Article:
The Valley has more taxis per head than London

The map of the 30 mile borough radius for taxi drivers addresses. Map from Rossendale Borough Council licensing documents
The map of the 30 mile borough radius for taxi drivers addresses. Map from Rossendale Borough Council licensing documents

Rossendale is the taxi capital of the UK with more cabs per head than London, government figures have revealed.

Valley taxis have become notorious for operating outside the borough but the shock figures show that there are more Rossendale licenced taxis and minicabs by population than anywhere else in England or Wales.

The taxi and private hire vehicles statistics released by the Department of Transport, show 1,610 taxis and minicabs in Rossendale in March 2015, – which works out as one for every 42.9 people.

London, by contrast, has one cab for every 100 people who live there.

Uttlesford in Essex has the second most, proportionately, with one for every 76.9 people.

By July of this year the number for Rossendale had risen again to 2,523 – which works out as one cab for every 27 residents.

The data shows that the total number of licensed cabs in the borough rose a staggering 412 per cent between 2013 and 2015, and the number of licensed drivers rose by 311.

Jake Berry, MP for Rossendale and Darwen said he was “shocked” by the figures.

He said: “These figures are of huge concern.

“It seems that Rossendale’s taxi licensing is a magnet to all and sundry to seek a licence without working in the Valley.”

The statistical release by the DofT states: “Rossendale Borough Council had the greatest increase in both total licensed vehicles and driver licences in England.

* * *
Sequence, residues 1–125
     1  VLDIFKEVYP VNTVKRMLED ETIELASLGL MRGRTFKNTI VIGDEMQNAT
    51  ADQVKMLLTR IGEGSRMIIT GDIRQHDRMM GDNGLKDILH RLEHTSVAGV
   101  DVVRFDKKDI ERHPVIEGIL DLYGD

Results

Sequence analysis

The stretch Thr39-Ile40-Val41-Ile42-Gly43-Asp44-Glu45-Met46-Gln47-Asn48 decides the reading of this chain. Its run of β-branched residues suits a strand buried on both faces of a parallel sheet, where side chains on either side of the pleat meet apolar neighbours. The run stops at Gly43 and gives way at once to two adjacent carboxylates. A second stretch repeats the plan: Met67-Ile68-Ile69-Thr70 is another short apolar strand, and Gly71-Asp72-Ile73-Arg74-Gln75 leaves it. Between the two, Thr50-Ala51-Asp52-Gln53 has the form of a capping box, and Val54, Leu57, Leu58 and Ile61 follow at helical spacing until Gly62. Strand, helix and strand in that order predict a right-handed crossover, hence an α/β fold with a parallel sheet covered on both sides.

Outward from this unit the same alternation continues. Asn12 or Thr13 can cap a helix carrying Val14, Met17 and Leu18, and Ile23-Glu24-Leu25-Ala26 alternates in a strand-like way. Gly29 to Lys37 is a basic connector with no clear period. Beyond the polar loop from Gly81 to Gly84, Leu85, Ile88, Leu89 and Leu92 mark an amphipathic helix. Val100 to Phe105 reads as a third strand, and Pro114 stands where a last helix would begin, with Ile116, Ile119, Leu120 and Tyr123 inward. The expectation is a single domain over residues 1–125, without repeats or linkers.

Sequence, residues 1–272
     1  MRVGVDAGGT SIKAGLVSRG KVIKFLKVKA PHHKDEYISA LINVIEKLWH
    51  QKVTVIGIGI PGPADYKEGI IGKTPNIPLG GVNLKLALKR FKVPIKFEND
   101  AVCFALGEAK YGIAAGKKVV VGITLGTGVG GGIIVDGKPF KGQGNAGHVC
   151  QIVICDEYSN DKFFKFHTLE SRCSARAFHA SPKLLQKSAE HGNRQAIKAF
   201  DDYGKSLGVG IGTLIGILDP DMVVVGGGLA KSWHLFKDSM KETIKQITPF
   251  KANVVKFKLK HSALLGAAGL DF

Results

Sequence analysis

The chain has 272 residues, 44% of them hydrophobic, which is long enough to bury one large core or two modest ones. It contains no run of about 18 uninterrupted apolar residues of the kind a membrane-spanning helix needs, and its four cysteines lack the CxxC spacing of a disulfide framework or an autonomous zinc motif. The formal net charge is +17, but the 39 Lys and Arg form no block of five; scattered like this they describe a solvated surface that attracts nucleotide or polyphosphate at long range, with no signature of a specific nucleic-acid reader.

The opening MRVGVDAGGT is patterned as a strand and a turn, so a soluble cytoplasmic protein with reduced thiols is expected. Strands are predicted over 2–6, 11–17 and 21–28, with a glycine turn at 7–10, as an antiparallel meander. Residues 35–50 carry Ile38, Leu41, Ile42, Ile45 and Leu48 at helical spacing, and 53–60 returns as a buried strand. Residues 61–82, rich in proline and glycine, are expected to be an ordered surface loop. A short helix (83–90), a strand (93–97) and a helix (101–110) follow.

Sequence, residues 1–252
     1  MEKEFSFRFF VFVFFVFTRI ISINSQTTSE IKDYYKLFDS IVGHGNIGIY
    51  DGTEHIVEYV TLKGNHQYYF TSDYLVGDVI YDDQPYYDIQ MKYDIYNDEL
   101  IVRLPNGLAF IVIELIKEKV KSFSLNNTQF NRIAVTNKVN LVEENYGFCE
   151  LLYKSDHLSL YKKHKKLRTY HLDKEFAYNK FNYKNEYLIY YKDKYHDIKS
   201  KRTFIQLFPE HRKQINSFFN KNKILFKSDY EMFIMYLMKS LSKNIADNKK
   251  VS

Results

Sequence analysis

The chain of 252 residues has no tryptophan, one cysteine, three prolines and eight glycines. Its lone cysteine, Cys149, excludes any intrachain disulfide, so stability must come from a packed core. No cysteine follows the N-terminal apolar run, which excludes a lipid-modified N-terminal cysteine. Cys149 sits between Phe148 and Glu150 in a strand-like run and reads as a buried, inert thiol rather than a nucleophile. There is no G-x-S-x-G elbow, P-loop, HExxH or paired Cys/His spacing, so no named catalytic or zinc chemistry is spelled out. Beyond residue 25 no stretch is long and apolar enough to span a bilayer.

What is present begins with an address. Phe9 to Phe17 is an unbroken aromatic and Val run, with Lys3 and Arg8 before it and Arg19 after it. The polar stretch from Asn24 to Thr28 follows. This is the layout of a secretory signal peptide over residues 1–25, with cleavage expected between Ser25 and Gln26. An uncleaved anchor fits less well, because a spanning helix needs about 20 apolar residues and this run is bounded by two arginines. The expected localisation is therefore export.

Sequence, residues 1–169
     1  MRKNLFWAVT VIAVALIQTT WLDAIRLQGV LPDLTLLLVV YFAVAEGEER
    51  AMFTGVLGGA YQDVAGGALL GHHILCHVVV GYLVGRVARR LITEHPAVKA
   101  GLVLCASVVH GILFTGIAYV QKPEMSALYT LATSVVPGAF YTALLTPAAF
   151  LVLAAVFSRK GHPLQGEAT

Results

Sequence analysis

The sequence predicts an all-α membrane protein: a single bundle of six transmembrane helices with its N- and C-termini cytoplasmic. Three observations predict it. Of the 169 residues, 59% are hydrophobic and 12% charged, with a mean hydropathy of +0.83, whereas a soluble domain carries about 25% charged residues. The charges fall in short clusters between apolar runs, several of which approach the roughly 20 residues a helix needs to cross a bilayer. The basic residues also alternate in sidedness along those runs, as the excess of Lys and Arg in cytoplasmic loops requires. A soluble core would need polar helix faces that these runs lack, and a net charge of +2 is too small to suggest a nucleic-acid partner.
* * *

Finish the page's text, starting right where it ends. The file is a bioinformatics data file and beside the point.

This is likely due to the fact that although taxis can only be driven by drivers licensed by Rossendale Council, once a vehicle becomes a licensed taxi, the law allows it to accept pre-bookings in any district in England and Wales.”

Local authorities in Sheffield, Bradford, Rochdale and Derby have all publicly criticised the number of Rossendale-licensed cabs operating in their areas.

David Lawrie, chair of the Rossendale Taxi Association said he was “surprised” by the figures, but that new policies were in the process of changing the taxi industry.

He said: “The infrastructure in Rossendale is very different to London. The only transport we have seven days a week, 24 hours a day is taxis.

“I take on board that the majority of those vehicles are operating outside the borough, but once the intended use policy kicks in March they will revert back to where we were 15 years ago where we saw a maximum of 300 licensed vehicles.

“In 12 months there will be a drop from thousands to hundreds of licenses, which is a good thing for local drivers because we get negatively criticised – even though it’s the council that messed up and issued all these licenses.

“Years ago we told them to introduce a cap and they refused. This is the result.”

The intended use’ policy approved in January, sets out the council’s plan and requirements for hackney licensing and renewal. Members of the licensing committee agreed to “refine” to reject applicants whose address is beyond a 30 miles radius from a fixed point within the borough.

Councillor Steve Hughes, chair of the council’s licensing committee, said that the statistics were not “ideal”.

He said: “We obviously know there is a problem with the numbers of licensed vehicles we have and we are doing work to try and bring our policy to where it needs to be to increase the Rossendale taxis operating within the Rossendale area.

“We have been admittedly slow to dealing with the loopholes that have been created with the change in policy at a national government level.

“Other authorities have reduced their numbers of licenses more quickly but we are doing what we need to do to get there.

“There is a need for national policy that would help sort this situation out quickly and effectively.”

He added: “The intended use policy has significantly brought down the number of licence requests we are receiving and the consultation that has just concluded will make even more changes and hopefully bring that number down to ensure that we don’t have this problem moving forward.

“What I want is to make a fair and open process so that local people can have an opportunity to get into the taxi business but that doesn’t create the numbers we have” currently.”

source: http://www.rossendalefreepress.co.uk/